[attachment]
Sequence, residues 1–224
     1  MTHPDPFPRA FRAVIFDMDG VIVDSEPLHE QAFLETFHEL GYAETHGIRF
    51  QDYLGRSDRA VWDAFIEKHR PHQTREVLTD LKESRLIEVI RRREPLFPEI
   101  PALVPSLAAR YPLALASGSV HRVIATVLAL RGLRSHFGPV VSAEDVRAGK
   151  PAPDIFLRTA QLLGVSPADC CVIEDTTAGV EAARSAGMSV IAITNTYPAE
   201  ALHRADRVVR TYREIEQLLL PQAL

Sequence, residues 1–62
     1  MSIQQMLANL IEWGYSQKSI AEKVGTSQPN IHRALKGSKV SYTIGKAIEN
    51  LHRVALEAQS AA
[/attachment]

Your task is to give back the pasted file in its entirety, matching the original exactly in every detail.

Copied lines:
Sequence, residues 1–224
     1  MTHPDPFPRA FRAVIFDMDG VIVDSEPLHE QAFLETFHEL GYAETHGIRF
    51  QDYLGRSDRA VWDAFIEKHR PHQTREVLTD LKESRLIEVI RRREPLFPEI
   101  PALVPSLAAR YPLALASGSV HRVIATVLAL RGLRSHFGPV VSAEDVRAGK
   151  PAPDIFLRTA QLLGVSPADC CVIEDTTAGV EAARSAGMSV IAITNTYPAE
   201  ALHRADRVVR TYREIEQLLL PQAL

Sequence, residues 1–62
     1  MSIQQMLANL IEWGYSQKSI AEKVGTSQPN IHRALKGSKV SYTIGKAIEN
    51  LHRVALEAQS AA